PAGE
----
Job 23:12 “I[Job] have not departed from the command of His[God’s] lips;

I have treasured the words of His mouth more than my necessary food.

According to Job 1, Job was blameless and upright; therefore, Job was correct when he made the claims he made in verses 11-12. However, it doesn’t seem Job was being very humble when he said this. At what point was Job justified in proclaiming his own goodness? At what point are we justified in proclaiming our own goodness? Is it okay for us to talk about ourselves? Is it okay for us to point out our own strengths and accomplishments?

How to be humble

Consider the following verse:

Rom. 12:3 For through the grace given to me I say to everyone among you not to think more highly of himself than he ought to think; but to think so as to have sound judgment, as God has allotted to each a measure of faith.

Notice the phrase “more highly” in Romans 12:3. It is okay to think highly of ourselves, but we must not think higher than we should. Notice the phrase “sound judgment”. We should think accurately about ourselves. Obviously, this is easier said than done. There are three verses in the New Testament that help us to be humble even when we are exceptional.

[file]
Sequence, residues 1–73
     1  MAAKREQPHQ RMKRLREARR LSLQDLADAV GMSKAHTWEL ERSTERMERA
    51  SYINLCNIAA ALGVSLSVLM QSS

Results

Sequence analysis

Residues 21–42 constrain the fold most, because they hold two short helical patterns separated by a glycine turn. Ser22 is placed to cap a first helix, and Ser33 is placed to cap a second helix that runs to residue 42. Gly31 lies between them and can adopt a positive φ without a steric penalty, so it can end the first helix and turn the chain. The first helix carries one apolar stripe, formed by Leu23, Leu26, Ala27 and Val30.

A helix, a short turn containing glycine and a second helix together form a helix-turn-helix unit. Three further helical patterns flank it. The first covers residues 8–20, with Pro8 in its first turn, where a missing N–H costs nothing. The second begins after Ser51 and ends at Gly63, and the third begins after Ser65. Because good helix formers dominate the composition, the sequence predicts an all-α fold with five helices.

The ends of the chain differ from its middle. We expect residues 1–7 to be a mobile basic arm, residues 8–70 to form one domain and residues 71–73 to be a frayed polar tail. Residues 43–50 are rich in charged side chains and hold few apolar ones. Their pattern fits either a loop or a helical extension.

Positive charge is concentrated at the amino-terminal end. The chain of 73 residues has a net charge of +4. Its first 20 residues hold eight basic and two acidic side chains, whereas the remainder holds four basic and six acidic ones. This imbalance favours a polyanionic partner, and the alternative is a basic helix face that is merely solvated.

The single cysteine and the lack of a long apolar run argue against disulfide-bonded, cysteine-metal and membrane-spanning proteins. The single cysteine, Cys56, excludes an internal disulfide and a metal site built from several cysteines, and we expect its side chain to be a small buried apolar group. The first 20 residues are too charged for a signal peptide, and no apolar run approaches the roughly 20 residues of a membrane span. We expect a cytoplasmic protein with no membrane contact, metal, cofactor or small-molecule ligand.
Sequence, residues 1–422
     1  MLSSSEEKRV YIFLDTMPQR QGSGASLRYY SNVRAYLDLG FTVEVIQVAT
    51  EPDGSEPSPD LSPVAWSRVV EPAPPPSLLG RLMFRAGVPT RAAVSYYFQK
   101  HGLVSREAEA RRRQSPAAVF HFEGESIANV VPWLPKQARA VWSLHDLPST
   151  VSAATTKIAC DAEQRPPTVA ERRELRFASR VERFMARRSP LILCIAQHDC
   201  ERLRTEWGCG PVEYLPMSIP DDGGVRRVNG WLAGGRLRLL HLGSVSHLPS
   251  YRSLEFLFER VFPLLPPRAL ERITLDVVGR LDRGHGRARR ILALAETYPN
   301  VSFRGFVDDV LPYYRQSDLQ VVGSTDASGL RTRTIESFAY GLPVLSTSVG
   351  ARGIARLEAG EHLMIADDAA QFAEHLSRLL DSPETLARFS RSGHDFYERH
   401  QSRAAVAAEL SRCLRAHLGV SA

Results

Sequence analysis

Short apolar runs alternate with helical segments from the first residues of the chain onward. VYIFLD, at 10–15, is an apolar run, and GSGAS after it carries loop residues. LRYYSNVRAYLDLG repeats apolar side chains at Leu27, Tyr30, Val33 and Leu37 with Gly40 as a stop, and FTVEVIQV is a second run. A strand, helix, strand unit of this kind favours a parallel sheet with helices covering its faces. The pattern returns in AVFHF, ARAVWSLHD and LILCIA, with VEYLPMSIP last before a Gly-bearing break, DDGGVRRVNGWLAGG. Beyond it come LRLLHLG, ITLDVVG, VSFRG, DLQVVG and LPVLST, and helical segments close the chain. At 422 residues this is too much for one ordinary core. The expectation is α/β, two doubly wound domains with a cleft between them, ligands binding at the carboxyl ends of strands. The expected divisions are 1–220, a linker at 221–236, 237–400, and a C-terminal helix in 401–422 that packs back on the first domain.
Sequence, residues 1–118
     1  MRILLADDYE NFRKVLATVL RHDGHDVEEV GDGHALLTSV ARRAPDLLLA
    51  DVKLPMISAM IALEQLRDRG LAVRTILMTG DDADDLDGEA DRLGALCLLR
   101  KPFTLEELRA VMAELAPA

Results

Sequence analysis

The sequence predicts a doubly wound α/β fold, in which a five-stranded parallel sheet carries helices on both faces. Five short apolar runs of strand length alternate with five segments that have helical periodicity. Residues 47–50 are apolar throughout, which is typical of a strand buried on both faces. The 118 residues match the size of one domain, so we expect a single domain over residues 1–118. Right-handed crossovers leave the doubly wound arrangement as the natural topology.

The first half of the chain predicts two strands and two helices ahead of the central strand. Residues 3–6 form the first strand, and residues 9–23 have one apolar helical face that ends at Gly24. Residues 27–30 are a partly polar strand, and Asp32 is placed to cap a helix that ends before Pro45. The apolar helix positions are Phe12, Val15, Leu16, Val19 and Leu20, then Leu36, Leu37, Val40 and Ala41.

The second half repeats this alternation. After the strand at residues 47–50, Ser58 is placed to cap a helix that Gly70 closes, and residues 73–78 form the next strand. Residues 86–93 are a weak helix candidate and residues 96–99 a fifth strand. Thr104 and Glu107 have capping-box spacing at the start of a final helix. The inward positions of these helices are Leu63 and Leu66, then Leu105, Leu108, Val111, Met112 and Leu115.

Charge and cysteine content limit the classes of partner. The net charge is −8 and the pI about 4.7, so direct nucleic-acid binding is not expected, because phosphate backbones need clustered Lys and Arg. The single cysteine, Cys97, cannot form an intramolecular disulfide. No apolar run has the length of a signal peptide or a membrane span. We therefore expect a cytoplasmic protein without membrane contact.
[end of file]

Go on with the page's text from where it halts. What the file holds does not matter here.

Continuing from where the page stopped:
1Cor. 13:4 Love is patient, love is kind and is not jealous; love does not brag and is not arrogant,

Notice the word “brag”. Notice the importance of love. If we love others, we will not brag about ourselves. If we are talking about ourselves to people we don’t love, chances are we are bragging and being arrogant.

Phil. 2:3 Do nothing from selfishness or empty conceit, but with humility of mind regard one another as more important than yourselves;

If we are talking about ourselves, we should ask why we are talking about ourselves. Are we talking about ourselves for selfish reasons? Are we talking about ourselves to exalt ourselves? If so, then we are probably conceited. If we regard others as more important than ourselves, then we will not be conceited and we will not say things intended to exalt ourselves over other people.

1Tim. 6:17 Instruct those who are rich in this present world not to be conceited or to fix their hope on the uncertainty of riches, but on God, who richly supplies us with all things to enjoy.

A third key is to keep possessions in proper perspective. Worldly possessions are uncertain. Worldly possessions cause conceit. If we rely on our worldly possessions for security, hope, or status, then we are probably conceited.

The way to keep ourselves humble even when we are successful is to be filled with love, consider others more important than ourselves, and avoid fixing our hope on worldly possessions.


“Scripture quotations taken from the NASB.”

  • Free Email Subscription

    Join my email list

    • It’s free.
    • You will automatically receive all my free content.
    • Your email address will not be sold nor given away.